15 minute read 12 Sep 2019
Bales of bottles for recycle

How we can find the treasure in our trash

By

EY Oceania

Multidisciplinary professional services organization

15 minute read 12 Sep 2019

Australia could be wasting an annual $324 million opportunity by failing to handle recyclable materials properly.

Australia will have to manage its waste onshore and has no consistent or robust infrastructure to do so. We need to restore faith in recycling by encouraging transparency in the process in order to shift consumer perceptions of what they put in their bins.

Instead of ‘waste’ we need consumers to see a tradable asset, a commodity with a market value. The first step in changing consumers behaviour is restoring their belief that what they are putting in the recycling bin is actually being recycled.

It’s not waste, it’s a resource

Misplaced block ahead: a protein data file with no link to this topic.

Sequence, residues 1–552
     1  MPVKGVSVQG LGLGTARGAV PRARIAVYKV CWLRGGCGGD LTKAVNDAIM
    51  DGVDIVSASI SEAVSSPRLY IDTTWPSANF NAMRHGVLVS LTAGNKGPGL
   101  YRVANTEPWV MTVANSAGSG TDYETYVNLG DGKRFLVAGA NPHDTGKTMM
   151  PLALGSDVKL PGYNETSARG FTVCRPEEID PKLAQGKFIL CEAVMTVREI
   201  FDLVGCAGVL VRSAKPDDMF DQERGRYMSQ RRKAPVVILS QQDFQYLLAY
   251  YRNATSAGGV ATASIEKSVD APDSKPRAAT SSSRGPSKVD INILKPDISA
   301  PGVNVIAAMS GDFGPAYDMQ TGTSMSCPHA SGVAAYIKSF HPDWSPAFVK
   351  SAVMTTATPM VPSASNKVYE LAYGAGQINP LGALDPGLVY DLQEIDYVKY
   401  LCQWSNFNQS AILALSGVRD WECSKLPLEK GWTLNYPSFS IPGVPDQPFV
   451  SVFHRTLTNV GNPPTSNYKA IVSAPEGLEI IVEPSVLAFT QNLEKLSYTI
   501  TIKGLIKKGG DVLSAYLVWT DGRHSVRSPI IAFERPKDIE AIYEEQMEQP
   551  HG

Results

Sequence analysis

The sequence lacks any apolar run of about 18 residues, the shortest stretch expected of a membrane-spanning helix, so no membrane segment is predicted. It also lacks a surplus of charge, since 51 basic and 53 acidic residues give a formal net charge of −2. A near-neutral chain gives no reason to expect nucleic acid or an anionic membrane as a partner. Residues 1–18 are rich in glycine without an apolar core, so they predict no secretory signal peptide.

As part of EY’s commitment to building a better working world, we have examined the issue of household recycling and the domestic opportunity at hand if we can change our behaviours.

This report focuses on material collected from households for recycling through regular kerbside collections. This material is typically in the form of packaging containers, bottles and paper.

Within this report, EY estimates that Australia could be missing out on up to $324 million of value that could be extracted from the waste in our kerbside bins each year.

This opportunity will only be realised if households take a more diligent approach to sorting, councils assist though education and infrastructure and there is a greater focus on waste as a resource, like we do with mined resources such as iron ore or even gold.

The recent announcement from the Council of Australian Governments (COAG) to ban the export of recyclable waste makes the opportunity not only compelling, but also necessary.

Through better sorting of recyclables, reducing contamination and developing markets for our recycled waste, Australia could take advantage of this lost opportunity sitting in our kerbside bins.
Terence L Jeyaretnam
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Chapter 1

A snapshot of Australia’s recycling situation